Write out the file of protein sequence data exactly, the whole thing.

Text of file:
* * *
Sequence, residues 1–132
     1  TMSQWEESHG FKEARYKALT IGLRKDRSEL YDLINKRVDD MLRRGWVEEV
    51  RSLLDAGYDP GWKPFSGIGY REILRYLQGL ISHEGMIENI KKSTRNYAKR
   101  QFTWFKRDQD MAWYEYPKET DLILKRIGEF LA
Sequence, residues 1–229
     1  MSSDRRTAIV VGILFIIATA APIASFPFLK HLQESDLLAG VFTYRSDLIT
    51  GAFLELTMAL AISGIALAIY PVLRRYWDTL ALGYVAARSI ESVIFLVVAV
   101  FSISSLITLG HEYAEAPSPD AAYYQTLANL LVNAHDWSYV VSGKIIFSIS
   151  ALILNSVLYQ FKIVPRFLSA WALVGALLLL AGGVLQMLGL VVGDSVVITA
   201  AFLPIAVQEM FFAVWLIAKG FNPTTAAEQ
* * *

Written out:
Sequence, residues 1–132
     1  TMSQWEESHG FKEARYKALT IGLRKDRSEL YDLINKRVDD MLRRGWVEEV
    51  RSLLDAGYDP GWKPFSGIGY REILRYLQGL ISHEGMIENI KKSTRNYAKR
   101  QFTWFKRDQD MAWYEYPKET DLILKRIGEF LA
Sequence, residues 1–229
     1  MSSDRRTAIV VGILFIIATA APIASFPFLK HLQESDLLAG VFTYRSDLIT
    51  GAFLELTMAL AISGIALAIY PVLRRYWDTL ALGYVAARSI ESVIFLVVAV
   101  FSISSLITLG HEYAEAPSPD AAYYQTLANL LVNAHDWSYV VSGKIIFSIS
   151  ALILNSVLYQ FKIVPRFLSA WALVGALLLL AGGVLQMLGL VVGDSVVITA
   201  AFLPIAVQEM FFAVWLIAKG FNPTTAAEQ